Yoga and The Business of Real Life
Strong enough to hold the space for letting go
BY MAGAZINE COLUMNIST BARBARA DENOWH
I find restorative yoga to be the most challenging. Not that other asanas aren’t challenging. They are challenging in a completely different way.
When I first came to yoga it was to find and create strength. Each asana I practiced was with the intention to become stronger. I loved how quickly yoga physically manifested that strength.
Savasana was excruciating. And, then enter restorative yoga…kill me.
It was so torturous. What strength am I gaining by laying here and doing nothing?
Teach toward the strength to tolerate stillness
It was during my yoga teacher training that I first experienced the beauty of restorative yoga. After a month of constant asana and alignment, a month of never letting go of the mind, after a month of extreme physical, mental, and emotional exhaustion, I finally collapsed into the stillness of restorative yoga.
It has taken me three years of teaching to finally teach restorative yoga. I had witnessed students have my same struggles with savasana. Fidgeting. Looking at the clock. Looking at other students. Not to mention what it was bringing up within them.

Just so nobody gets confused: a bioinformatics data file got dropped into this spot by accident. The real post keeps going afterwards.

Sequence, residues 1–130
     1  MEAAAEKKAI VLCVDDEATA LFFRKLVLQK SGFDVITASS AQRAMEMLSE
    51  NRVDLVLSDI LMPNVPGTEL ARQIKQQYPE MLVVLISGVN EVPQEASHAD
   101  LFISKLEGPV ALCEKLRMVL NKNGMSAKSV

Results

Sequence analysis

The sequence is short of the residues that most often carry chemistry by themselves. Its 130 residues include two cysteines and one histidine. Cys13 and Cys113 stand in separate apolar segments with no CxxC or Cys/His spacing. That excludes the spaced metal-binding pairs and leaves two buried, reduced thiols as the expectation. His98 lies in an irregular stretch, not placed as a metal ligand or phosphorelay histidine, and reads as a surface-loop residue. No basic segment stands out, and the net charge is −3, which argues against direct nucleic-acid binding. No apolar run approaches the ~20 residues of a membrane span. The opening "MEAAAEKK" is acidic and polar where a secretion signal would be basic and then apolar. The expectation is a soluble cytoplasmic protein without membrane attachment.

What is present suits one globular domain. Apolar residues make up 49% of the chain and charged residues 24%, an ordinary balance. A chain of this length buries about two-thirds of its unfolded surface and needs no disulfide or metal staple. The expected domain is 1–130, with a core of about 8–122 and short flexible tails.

I felt like I was torturing them. That the longer I had them in savasana, the more they would hate me and yoga.
So, I taught a strong flow class. Lots of chatturangas. Lots of strengthening poses. (We teach what we know, right?) All with the idea that my students would collapse exhausted into savasana.
Sync up with yourself
I don’t think I was totally off track. I was leading them toward stillness the only way I knew how. The way that worked for me.
Now I teach at least one restorative pose in addition to savasana. I still struggle when I see students fidgeting. Have they been there too long? Do they hate me? Does it not feel good? Does something hurt here?
Yet, I have found that the restorative classes are some of the most rewarding. Because there comes a time when a student experiences a moment of stillness. Maybe a minute. Maybe just a breath.
And you can see the beauty of it on their face.
The restorative posture, moment by moment
As I enter the third month of having my little yoga studio, I am reminded of the lessons I have learned in restorative yoga.
Be still. Let go. Feel it out. Pay attention. Be aware. Soak it up.
Don’t worry about what is next.
Barbara Denowh is a yoga teacher in Helena, Montana. You can find her in cyberspace on Facebook or at her website denowhyoga.com. She also rambles about yoga, teaching, her wonderful husband, and her hound at babsbabble.com
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© 2011, The Magazine of Yoga, LLC.